A dying nun thrusts a baby into the arms of Dr. Jonathan Keats. His life alters dramatically from that point. All he know is that the child’s name is Serenity, and she must be protected at all costs. His quest for answers leads him to Europe where he discovers intrigue within the Vatican involving an ancient secret religious faction.
A story laced with prophecies, angels, demons, hellhounds, The Fruit of the Fallen pulls motifs from Christian theology and mixes it with murder and intrigue.
A coming of age story, Serenity must traverse the road to adulthood and her future—without knowing her past. She’s essentially lived “on the run” with only her grandmother to rely on. Thinking her grandmother dead, Serenity places her trust in Tal, a young man she’s deeply drawn to. But which side is he on—good or evil?
A well-written book, The Fruit of the Fallen is not preachy despite abounding with religious overtones. I would liked to have seen more emotionality in the work (more teenaged angst, more internal debate on whether Serenity should trust Tal or others trying to help her). Overall, The Fruit of the Fallen is a nice middle to upper grade young adult book.
Dr. Jonathan Keats’ life is turned upside down when an infant is thrust into his arms by a dying nun, a child she calls Serenity. His search to identify the child carries him to Europe and to a secret religious society hiding a prophecy of unimaginable proportions, one that foretells the coming apocalypse.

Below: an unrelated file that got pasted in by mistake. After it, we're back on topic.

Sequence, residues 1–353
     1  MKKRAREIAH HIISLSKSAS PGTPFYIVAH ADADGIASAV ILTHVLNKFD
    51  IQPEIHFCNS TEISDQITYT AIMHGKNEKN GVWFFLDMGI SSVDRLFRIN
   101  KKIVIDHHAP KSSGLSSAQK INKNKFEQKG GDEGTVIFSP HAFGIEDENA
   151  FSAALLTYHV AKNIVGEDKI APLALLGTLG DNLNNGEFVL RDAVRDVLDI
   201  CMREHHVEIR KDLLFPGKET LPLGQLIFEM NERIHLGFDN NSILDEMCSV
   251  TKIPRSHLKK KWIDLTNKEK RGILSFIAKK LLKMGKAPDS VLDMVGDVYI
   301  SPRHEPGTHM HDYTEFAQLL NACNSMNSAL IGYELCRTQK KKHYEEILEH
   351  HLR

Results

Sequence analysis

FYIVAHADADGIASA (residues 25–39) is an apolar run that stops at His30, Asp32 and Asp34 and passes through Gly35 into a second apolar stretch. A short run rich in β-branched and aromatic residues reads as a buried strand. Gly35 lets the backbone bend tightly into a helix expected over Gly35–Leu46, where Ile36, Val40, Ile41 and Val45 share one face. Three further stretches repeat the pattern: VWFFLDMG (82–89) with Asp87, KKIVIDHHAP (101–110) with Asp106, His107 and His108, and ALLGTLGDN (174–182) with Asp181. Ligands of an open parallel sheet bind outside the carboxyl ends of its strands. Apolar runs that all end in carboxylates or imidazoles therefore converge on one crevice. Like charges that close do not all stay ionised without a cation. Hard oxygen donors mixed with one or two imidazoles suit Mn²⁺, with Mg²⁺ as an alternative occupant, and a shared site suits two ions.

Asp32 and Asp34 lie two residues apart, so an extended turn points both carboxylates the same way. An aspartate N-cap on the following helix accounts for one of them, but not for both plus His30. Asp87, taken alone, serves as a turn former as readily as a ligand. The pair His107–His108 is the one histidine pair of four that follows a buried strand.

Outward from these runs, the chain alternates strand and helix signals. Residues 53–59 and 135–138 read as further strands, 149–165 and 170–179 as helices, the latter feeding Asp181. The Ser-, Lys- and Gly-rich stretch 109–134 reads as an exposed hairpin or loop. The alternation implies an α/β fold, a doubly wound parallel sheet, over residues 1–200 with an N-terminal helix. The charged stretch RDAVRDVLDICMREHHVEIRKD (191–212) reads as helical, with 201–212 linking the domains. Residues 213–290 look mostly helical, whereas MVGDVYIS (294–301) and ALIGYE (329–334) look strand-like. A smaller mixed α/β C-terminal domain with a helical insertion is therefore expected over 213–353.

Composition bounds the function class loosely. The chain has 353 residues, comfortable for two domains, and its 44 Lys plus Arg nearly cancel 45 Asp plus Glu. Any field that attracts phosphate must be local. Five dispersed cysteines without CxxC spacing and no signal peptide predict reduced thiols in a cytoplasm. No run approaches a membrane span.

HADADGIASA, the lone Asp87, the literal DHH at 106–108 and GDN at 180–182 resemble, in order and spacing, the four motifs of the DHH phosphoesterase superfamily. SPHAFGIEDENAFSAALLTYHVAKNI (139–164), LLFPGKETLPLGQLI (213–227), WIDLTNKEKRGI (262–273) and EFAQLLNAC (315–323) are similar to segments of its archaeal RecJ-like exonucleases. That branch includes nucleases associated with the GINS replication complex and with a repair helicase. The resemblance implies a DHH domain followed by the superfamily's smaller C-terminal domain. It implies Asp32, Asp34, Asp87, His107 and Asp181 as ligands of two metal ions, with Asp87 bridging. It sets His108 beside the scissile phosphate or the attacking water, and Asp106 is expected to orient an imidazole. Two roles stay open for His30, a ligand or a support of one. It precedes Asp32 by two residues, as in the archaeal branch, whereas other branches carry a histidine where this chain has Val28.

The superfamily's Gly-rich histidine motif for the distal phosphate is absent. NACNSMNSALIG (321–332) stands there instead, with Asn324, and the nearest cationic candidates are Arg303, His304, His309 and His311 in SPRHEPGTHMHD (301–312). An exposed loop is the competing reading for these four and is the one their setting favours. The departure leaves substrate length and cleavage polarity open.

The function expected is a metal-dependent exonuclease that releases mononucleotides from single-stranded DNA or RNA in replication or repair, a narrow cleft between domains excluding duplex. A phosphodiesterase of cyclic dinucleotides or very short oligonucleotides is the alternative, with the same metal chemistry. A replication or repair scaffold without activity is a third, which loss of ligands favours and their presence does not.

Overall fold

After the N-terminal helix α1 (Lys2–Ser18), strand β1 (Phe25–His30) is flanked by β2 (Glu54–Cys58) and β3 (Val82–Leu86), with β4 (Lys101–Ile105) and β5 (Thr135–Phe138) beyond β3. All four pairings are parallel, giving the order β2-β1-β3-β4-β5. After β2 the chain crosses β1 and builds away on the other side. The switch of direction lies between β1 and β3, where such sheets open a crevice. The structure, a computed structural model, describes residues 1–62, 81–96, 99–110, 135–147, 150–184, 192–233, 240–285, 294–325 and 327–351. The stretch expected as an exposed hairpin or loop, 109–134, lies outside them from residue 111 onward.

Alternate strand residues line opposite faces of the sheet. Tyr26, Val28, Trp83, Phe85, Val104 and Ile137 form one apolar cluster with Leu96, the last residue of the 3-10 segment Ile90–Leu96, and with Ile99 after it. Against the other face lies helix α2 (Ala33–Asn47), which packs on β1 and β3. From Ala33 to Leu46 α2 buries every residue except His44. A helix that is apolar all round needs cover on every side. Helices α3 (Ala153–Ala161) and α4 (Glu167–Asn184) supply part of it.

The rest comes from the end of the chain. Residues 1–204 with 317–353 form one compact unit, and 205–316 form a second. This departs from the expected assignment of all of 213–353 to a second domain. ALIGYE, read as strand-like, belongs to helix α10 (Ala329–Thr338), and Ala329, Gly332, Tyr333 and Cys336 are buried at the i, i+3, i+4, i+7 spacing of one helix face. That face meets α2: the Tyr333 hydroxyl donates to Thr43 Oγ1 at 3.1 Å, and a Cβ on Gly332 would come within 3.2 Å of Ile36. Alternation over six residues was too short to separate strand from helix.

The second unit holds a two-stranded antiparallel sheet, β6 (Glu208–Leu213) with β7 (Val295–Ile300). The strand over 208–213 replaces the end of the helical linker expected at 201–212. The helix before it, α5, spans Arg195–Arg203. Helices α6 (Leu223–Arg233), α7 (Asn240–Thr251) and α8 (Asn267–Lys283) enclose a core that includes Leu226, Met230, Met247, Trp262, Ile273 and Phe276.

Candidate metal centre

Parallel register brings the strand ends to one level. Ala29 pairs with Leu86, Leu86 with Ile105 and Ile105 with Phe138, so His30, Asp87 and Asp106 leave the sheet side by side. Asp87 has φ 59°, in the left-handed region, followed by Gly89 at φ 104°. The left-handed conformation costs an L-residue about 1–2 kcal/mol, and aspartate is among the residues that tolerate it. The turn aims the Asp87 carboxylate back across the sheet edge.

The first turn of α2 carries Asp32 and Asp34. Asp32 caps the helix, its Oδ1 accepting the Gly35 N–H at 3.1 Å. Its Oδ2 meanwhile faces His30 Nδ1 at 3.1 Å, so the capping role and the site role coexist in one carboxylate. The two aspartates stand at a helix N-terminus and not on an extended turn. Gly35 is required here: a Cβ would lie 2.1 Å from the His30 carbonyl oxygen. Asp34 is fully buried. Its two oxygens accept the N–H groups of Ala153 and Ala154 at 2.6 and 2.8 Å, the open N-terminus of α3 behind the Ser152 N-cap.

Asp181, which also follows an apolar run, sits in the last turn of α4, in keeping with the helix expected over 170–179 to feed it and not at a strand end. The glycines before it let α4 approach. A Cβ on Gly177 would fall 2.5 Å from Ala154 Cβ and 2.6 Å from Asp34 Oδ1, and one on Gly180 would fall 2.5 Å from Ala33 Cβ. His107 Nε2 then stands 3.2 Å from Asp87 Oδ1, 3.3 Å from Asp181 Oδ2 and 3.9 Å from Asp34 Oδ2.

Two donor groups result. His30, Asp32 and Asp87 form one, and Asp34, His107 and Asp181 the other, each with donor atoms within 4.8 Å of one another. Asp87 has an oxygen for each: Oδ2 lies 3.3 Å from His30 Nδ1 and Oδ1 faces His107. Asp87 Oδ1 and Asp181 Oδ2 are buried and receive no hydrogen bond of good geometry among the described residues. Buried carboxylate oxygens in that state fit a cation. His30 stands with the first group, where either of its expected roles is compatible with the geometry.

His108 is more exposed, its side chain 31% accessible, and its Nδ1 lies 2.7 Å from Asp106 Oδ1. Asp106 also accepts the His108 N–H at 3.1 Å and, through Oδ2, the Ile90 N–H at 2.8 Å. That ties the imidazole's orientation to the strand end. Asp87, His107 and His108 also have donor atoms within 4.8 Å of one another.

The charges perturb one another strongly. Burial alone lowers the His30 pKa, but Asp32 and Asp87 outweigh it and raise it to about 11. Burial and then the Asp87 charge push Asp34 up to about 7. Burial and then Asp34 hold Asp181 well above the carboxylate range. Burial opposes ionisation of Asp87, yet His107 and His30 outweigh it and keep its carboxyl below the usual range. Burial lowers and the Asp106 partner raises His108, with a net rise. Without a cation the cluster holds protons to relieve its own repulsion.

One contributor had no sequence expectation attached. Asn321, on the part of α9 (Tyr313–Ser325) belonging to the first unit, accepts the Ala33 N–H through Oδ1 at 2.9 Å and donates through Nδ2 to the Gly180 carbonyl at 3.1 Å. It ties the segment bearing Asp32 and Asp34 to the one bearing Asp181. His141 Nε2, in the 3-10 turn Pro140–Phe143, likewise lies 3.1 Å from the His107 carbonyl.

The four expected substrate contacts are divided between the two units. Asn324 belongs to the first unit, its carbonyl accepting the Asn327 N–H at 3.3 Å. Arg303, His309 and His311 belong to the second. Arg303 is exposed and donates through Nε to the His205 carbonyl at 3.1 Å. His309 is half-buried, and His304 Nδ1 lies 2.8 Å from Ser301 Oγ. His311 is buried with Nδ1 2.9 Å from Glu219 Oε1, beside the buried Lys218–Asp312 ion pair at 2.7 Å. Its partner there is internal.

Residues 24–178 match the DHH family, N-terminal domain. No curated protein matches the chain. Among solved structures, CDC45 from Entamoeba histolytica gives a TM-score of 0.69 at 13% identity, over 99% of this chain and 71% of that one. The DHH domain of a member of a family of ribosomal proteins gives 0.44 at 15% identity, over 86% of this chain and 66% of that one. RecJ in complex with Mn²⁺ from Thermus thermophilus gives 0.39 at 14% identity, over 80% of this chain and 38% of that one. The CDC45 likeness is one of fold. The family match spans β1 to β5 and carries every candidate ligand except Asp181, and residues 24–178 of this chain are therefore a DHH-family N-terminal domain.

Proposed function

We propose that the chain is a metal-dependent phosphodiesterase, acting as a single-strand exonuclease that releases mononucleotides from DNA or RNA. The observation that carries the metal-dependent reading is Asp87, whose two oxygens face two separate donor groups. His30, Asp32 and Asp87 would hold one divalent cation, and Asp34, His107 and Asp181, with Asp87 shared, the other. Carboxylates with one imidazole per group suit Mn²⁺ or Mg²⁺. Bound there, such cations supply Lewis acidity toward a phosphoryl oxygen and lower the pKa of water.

Seventeen year old Serenity has always known she was different. When she begins hearing strange voices and is attacked by an evil creature, she is forced to consider a frightening possibility. To complicate matters, she finds herself drawn to a mysterious young man with a dark secret. Little does she know that her love for this fallen angel could destroy all she holds dear. In The Fruit of the Fallen, their every action, every decision, could decide the fate of the world.
“Gripping and brimming with life! The Fruit of the Fallen explodes into a globe-trotting adventure featuring vast conspiracies, secret religious societies, biblical prophesies, angels, demons and other beasts drawn straight from the pages of Catholic and Gnostic religious mythologies.” -Kirkus Discoveries
“A rip-roaring adventure that moves at lightning speed. The Fruit of the Fallen is a classic tale of good versus evil that keeps you guessing right up to the very last page. I can’t recommend this book enough!” -Deborah Johnson, author of The Air Between Us